The Falling Torch


The Falling Torch
Falling torch.jpg
First edition cover
AuthorAlgis Budrys
Cover artistBob Engle
CountryUnited States
GenreScience fiction
PublisherPyramid Books
Publication date
Media typePrint (Paperback)
Pages158 pp

The Falling Torch is a 1959 science fiction novel by American writer Algis Budrys. A 1999 Baen Books edition was very slightly rewritten, and includes one entirely new chapter.[1]

The novel is about a group of human freedom fighters who attempt the nearly hopeless task of liberating planet Earth from the grip of a race of alien invaders. The story has obvious overtones of freeing the author's homeland (Lithuania) from its Soviet occupiers.

The situation in the early chapters – of the Earth exiles maintaining a government in exile but losing hope of ever liberating their home planet – was clearly familiar to Budrys; his father Jonas Budrys was appointed as the Lithuanian consul general in New York City in 1936, when his son was five years old[2] and continued to hold that position, even though Lithuania was occupied by Nazi Germany and then annexed by the Soviet Union and made into a Soviet Republic. The United States continued to recognize the pre-World War II Lithuanian Diplomatic Service. During most of his adult life, Budrys himself held a captain's commission in the Free Lithuanian Army. Thus he was in a personal situation similar to that of the protagonist Michael Wireman at the outset – though Budrys never tried to infiltrate Soviet-ruled Lithuania and start a rebellion there.

However, in the foreword to the Baen edition, the author firmly denies that such was the primary reason for writing the novel. Instead he aimed to produce a story of a man who, like others such as Timur, were in some way disabled and alienated from society, before coming to dominate it.


In 2513, in Geneva, Switzerland - capital of Earth and of the Solar System - a man named Michael Wireman is laid to rest. In life he was revered by people, almost to the point of worship. He personally laid down the design for a new city of Geneva, drafted a Constitution that would work for a populace accustomed to total regulation by an alien society, and ruled the Earth for 50 years. He was completely remote from common people, but whenever he was driven by in his official car they would cheer him. He was the kind of leader who features so strongly in people's lives that they feel they cannot go on without him.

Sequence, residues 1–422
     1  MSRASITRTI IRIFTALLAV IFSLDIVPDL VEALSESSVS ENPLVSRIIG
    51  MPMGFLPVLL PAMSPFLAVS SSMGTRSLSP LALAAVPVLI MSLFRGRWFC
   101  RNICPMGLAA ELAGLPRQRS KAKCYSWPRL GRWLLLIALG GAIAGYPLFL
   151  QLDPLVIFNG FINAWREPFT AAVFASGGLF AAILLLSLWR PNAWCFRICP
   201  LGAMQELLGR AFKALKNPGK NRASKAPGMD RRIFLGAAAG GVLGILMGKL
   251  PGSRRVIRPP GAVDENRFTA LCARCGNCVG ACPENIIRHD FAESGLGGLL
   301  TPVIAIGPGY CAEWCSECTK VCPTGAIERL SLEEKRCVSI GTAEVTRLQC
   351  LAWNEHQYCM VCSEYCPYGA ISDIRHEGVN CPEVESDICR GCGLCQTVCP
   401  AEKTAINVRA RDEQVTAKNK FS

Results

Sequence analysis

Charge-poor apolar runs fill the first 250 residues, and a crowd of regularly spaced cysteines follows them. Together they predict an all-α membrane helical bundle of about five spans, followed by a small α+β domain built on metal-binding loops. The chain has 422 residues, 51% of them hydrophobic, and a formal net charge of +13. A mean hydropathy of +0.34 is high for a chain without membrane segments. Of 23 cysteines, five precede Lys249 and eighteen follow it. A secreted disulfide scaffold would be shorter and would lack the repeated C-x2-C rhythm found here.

Before going to the funeral, Wireman's chosen successor - an able politician who knows he would never be able to equal Wireman, and has no desire to - wonders again at the source of Wireman's power. He glances at Wireman's Time, the latest of many biographies of the late dictator (written by Robert Markham, Litt. D., and published by Columbia University Press, New York, 2512 A.D.). Markham also felt the same wonder, and also found no clear answer. Wireman himself had read Markham's book, and scrawled "Poppycock!" on the flyleaf of his own personal copy.

The book then proceeds to go back forty-four years, tracing Wireman's career to its very beginnings, and answering the questions which would elude all later observers.

Plot summary

The story takes place in the 25th century, four hundred years after humans have begun colonizing other planets, and a generation after the home planet, Earth, has been conquered by the Invaders.

The Invaders (whose name for themselves in never given) in this case are humanoid, very similar to Earth humans. A tiny human government-in-exile exists in the Alpha Centauri system, which is home to a large and prosperous human society, but the colonists there are rapidly losing their ties to the home planet. They are even beginning to look different, for instance having unusually colored eyes. They have a solid military-industrial base, a functioning space fleet, and ideas about expanding their sphere of influence, but apparently no particular interest in liberating Earth.

The Invaders have superior social engineering technology, allowing them to assess the capabilities of any individual and assign them to a role in life best suited to them. Many humans prefer this and accept their place in Invader society. Invader society is highly ordered and clean, in contrast to the polluted industrial cities in the colonies.

One man, Michael Wireman, is the last hope of the exiles. He is the son of the aging President of the government-in-exile. He left Earth as a baby when his parents and the other members of the government-in-exile escaped the Invasion. Despite having no memories of Earth, he has been raised to despise colonial society and worship the idea of liberating Earth. As the novel opens, Michael's father tells the other members of the exiled government that a large arms shipment will be sent to Earth to supply guerrillas led by a man named Hammil. The circumstances suggest that the colonial government is finally ready to support action against the Invaders, but is avoiding doing it openly. However, by this time many of the exiles have made good lives for themselves in their new home. This did not matter as long as the liberation was hopeless, but they refuse to dismantle those lives to return to Earth.